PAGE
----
Information organization strategies are important, so I couldn’t live without google drive or dropbox for research files and cloud storage for documents. Tea is important, even though I’m a coffee fiend most mornings. Music is a vital component too. In most cases, jazz is my writing soundtrack choice, with proclivities towards Thelonious Monk, John Coltrane, and Oscar Peterson. The improvisational tendencies in jazz get my creative juices flowing. When I first read this question, somehow I imagined that “snacks” were on the list. So, I guess, snacks are also recommended.

4. What is your best tip for getting started and/or for revision?

JUST DO IT. Sometimes I start writing while I’m on my daily walk to campus. I use the notes tool on my iphone and I outline my ideas or even sometimes start writing prose.

5. What is the best writing advice you’ve received?

Also? JUST DO IT. I believe the preceptor with whom I worked on my master’s thesis said something like: Barf on the page. You will clean it up later. (pardon the crass wording, but it’s a very effective metaphor, I find)

Do you know someone who would be great for How I Write? Send us your recommendations!

Getting Started with Genre

Isaac Marvel, Consultant

Back in the 70’s Dustin Hoffman and Laurence Olivier were working together on Marathon Man, which is a pretty intense, thriller type of film. Before the filming of a Isaacscene in which his character had apparently been kept awake for 72 hours, Hoffman decided that he too would stay up for three days, the idea being that this would help him get into the mind of his character—Hoffman was quite the method actor. Upon hearing this and witnessing Hoffman’s exhausted state, Olivier confronted him and asked “My dear boy… Have you tried acting?”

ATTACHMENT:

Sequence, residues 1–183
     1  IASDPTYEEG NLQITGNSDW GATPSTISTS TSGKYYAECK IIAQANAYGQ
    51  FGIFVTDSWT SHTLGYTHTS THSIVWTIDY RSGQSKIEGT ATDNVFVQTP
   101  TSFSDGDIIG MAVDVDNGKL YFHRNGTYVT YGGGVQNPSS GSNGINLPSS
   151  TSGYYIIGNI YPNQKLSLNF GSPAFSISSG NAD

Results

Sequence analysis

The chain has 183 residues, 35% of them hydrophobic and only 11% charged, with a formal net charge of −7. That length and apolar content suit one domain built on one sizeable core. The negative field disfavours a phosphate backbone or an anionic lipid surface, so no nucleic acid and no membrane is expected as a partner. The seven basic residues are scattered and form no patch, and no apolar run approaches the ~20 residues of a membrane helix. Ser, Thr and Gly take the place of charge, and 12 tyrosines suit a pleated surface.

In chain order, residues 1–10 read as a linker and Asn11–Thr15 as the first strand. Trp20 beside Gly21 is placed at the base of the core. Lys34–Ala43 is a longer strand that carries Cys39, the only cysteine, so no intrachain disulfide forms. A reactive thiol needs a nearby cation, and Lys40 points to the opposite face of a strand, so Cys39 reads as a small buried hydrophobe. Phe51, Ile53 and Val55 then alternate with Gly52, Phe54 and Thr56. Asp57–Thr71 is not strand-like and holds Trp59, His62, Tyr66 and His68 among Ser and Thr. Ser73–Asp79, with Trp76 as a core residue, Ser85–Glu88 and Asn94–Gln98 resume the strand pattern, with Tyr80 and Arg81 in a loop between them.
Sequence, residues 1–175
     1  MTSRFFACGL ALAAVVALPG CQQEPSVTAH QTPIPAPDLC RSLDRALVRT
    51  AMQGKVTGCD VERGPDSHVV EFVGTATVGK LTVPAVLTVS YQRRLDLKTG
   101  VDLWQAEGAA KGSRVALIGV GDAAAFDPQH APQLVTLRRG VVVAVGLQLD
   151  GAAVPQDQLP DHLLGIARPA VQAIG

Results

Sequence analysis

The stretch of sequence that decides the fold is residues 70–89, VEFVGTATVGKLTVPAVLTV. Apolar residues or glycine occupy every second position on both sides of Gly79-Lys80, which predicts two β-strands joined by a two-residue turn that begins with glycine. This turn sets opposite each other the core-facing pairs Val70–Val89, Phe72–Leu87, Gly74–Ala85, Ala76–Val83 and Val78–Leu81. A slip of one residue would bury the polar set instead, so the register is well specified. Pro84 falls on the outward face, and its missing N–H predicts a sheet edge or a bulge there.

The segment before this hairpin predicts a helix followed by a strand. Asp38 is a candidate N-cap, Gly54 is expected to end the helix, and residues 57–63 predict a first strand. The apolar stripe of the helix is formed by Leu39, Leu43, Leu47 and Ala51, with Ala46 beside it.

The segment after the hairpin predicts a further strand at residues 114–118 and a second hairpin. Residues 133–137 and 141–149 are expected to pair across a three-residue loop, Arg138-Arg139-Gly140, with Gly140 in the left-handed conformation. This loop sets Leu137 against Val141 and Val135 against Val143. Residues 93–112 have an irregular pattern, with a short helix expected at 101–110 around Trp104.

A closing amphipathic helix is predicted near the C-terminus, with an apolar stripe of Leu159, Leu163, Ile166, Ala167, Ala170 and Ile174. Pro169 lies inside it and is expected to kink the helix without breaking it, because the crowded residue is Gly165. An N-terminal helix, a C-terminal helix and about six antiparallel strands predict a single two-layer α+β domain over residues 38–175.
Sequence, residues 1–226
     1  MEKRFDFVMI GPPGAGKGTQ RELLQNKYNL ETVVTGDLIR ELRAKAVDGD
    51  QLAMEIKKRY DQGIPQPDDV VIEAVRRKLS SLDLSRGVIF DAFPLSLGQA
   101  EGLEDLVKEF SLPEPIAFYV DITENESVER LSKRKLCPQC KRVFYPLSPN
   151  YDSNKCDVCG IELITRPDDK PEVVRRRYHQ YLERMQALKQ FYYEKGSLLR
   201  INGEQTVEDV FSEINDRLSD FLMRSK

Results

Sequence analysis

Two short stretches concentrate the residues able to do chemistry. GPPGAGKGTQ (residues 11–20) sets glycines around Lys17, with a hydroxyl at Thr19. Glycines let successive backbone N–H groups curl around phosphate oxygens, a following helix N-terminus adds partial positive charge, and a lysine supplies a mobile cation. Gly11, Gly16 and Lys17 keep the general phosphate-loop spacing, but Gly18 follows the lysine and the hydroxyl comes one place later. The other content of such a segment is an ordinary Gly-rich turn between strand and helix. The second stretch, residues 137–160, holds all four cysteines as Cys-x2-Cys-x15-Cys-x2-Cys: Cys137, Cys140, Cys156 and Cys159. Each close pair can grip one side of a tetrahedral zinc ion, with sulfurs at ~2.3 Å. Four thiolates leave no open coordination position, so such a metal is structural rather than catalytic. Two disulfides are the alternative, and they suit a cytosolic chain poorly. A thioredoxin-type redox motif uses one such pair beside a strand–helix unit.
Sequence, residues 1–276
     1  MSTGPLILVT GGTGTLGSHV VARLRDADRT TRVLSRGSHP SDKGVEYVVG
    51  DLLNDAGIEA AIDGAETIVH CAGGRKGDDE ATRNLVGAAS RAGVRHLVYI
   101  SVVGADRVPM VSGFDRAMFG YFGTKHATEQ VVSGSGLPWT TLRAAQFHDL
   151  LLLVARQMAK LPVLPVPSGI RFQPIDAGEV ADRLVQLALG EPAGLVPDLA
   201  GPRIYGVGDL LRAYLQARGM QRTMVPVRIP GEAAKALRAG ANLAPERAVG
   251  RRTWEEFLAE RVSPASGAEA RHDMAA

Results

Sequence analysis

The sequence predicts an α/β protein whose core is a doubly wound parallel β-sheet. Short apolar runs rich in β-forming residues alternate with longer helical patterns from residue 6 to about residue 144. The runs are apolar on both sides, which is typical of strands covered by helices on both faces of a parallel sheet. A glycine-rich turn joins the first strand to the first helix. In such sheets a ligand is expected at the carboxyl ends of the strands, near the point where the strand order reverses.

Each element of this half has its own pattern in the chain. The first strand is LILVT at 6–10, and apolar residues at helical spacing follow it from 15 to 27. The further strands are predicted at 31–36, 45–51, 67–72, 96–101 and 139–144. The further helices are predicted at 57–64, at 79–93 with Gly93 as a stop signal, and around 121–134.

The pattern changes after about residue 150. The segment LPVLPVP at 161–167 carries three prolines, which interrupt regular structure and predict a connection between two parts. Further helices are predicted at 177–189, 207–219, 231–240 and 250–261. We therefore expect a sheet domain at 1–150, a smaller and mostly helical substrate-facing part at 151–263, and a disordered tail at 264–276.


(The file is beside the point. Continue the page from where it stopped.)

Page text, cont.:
As Mary-Kate mentioned in “Writing as a Medium,” writing is not necessarily this art that requires this Hoffmanesque kind of inspiration. You needn’t spend days mentally fortifying yourself and getting into the head of your audience. Olivier’s implication of how acting operates is a much more effective example of the writing process—it’s a craft that one learns over time, with practice.

Therefore, this leads to the big question: “If writing is a craft, how can I improve my craftsmanship?” The first step is, essentially, just start writing! As Tim discussed in his blog post last week, creativity is a grind: “The best way of fighting through it is committing to fighting through it.” Wearing yourself out yearning for inspiration will likely only result in nothing being written, possibly serving even as a justification for procrastination. To go back to the example of Hoffman and Olivier, yes, Dustin Hoffman is a world-renowned actor, but so is Laurence Olivier, and he managed this without staying up for days at a time!

On the other hand, ensuring that your writing is effective is also vital—“just starting to write” may be the first step, but it isn’t the only step. After all, there’s no point in writing if you end up throwing away all of your drafts. Thus, one’s mentality is key: you need to be keeping your audience in mind as you write. Similarly, one trick that can make this process easier for you is learning the genre expected of you. Simply stated, expectations are going to vary wildly depending on what genre you’re working with—are you working on a research paper, a novel, or a tweet? Learn the conventions of that style and you’ll find yourself writing like a pro in no time.